This book does not propose to be a history of Mexico or a sociological or economic study of that country. There is a considerable library of scholarly books in English. But in a country as vigorous and lively as Mexico statistics go out of date faster than books can be published. In these rapid changes, filled with ferment, confusion, and hope, lies Mexico's present fascination. The country has lost none of its former beauties. Its mountains and coasts are as magnificent as ever; its archæological fields grow in wonder and significance as new finds are made and as better communications make them more accessible. Improved communications, tending to destroy the picturesque, are also opening up new areas and hitherto unknown tribes. Primitive life and quaint customs may still be found on every hand, but the most interesting Mexicans are those who are going ahead. Fast as they change, they must inevitably develop along lines laid down by their own character and experience. They change most rapidly in Mexico City, which in a way sums up the country, and which I have therefore left for last in this book.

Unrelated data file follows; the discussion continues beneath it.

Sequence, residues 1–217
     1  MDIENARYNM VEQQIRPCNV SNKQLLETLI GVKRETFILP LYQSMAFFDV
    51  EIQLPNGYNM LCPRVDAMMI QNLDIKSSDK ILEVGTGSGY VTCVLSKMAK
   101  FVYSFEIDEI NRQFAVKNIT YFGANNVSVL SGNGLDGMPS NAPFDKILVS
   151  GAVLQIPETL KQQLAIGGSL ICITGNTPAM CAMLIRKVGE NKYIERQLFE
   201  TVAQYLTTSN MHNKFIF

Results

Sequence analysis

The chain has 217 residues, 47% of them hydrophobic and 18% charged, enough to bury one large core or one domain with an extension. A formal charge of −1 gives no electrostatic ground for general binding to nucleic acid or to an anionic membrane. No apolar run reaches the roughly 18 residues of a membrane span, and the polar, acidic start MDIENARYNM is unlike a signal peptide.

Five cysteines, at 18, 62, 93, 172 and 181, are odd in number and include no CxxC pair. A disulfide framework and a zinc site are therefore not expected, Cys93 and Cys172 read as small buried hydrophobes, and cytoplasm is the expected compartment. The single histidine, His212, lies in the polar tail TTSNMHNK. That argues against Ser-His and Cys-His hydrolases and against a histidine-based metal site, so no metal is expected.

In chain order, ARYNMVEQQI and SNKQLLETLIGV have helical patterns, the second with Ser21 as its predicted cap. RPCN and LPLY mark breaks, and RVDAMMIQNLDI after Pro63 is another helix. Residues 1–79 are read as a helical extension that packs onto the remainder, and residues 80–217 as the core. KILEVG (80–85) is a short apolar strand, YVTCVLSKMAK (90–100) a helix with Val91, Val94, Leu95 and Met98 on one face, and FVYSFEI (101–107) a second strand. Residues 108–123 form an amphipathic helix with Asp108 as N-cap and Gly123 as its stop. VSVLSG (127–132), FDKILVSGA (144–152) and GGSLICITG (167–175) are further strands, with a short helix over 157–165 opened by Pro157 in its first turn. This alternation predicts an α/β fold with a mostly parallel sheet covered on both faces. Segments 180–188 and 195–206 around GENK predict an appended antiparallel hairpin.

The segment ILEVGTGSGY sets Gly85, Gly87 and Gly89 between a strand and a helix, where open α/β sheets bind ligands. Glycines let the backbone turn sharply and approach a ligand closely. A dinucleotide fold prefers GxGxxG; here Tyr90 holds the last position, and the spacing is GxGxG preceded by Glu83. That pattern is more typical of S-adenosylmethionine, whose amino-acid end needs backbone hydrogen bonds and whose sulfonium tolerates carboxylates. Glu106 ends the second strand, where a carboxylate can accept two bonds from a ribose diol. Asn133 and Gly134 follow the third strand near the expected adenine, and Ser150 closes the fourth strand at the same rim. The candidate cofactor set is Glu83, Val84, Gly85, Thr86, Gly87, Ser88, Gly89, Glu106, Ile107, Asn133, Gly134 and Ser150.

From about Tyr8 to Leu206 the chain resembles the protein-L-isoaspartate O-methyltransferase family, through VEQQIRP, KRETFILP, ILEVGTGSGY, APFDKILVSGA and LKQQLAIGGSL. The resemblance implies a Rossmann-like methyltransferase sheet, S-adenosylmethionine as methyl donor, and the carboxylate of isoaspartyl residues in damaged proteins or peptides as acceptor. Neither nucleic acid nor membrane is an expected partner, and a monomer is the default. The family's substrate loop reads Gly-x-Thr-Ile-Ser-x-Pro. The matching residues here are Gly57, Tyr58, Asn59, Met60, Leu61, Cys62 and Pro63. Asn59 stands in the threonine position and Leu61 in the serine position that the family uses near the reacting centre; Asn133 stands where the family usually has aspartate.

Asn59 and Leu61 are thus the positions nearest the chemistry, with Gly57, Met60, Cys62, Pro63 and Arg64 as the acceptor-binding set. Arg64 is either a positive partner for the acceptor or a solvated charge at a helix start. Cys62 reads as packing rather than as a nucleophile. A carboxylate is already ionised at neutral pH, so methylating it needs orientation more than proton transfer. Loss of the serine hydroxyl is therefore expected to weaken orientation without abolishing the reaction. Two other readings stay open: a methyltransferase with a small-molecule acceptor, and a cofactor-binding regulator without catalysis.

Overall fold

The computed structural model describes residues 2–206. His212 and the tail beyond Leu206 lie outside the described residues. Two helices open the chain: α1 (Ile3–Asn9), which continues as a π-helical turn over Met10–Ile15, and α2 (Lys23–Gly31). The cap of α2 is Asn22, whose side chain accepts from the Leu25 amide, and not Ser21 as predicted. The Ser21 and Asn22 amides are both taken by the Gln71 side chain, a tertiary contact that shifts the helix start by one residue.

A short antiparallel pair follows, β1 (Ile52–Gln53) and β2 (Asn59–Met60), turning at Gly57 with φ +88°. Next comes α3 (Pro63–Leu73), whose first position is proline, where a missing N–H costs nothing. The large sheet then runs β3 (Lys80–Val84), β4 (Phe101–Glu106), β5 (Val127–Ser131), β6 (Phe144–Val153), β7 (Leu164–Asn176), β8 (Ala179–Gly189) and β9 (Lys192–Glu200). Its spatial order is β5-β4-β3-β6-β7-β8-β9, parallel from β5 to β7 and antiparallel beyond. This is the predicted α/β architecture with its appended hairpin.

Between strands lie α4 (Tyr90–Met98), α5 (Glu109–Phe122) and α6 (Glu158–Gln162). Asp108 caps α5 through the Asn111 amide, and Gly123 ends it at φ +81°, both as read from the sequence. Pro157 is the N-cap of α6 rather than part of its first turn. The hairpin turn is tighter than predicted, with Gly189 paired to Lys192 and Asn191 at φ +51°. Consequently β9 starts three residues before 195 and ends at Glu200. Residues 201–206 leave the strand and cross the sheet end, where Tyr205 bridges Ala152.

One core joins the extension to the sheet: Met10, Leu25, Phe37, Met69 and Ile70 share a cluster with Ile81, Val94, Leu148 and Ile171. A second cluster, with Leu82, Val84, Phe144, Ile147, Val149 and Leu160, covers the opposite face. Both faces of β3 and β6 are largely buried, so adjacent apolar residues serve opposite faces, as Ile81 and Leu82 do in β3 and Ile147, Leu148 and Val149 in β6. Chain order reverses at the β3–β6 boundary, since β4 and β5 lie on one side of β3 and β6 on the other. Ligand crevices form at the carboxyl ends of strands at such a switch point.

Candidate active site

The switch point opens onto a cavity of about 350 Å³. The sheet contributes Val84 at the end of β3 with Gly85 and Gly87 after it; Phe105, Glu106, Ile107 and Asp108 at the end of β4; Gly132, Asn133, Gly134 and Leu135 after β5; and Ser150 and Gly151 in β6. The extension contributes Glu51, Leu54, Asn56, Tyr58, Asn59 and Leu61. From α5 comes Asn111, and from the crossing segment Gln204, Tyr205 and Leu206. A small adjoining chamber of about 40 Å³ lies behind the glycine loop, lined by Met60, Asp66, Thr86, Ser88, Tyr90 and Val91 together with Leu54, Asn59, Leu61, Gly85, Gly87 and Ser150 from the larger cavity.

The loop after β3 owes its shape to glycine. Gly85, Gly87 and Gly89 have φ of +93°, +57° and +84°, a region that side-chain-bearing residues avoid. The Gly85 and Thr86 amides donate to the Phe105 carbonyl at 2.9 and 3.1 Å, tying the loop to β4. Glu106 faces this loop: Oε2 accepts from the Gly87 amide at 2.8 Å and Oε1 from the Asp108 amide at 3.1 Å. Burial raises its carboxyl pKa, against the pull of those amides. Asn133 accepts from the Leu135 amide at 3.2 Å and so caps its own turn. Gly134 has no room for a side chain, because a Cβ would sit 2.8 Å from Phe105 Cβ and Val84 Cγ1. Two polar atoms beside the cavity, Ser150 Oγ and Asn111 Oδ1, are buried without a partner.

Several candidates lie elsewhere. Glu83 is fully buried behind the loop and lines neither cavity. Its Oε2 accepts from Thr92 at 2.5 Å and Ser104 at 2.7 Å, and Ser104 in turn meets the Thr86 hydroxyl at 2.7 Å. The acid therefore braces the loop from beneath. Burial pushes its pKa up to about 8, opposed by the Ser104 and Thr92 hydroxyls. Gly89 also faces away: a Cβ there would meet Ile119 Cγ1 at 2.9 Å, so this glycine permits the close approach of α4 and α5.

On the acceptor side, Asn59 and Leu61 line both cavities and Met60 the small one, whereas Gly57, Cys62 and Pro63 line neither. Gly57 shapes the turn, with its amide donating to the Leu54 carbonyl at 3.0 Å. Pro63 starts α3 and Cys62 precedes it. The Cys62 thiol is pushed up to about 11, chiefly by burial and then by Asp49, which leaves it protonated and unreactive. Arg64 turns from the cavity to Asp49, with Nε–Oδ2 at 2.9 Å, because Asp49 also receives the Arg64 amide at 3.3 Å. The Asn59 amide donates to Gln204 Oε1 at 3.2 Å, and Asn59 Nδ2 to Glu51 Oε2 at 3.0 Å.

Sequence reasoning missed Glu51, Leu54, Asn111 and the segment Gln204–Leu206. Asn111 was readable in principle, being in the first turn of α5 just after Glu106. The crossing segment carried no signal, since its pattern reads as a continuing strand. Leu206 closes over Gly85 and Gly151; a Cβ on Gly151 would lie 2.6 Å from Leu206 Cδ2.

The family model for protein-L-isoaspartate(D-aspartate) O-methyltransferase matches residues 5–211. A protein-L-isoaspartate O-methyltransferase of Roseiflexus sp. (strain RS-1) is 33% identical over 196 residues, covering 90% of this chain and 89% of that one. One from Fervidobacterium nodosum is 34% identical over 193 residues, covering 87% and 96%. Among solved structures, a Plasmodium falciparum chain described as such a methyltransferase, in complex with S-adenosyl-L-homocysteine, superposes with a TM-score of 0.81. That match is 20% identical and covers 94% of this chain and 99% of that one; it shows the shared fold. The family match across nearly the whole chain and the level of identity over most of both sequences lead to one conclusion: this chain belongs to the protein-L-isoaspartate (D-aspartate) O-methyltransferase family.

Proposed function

This book, then, tries to present fairly some actual Mexicans with enough sidelights and backward glances to explain why they live and think and act as they do. Two years' travel among them suggests that their over-all characteristic is a tough invincibility. People with such a gift for life and laughter, not to mention intelligence and ambition, will inevitably carry their country on to a unique and important place in the modern world.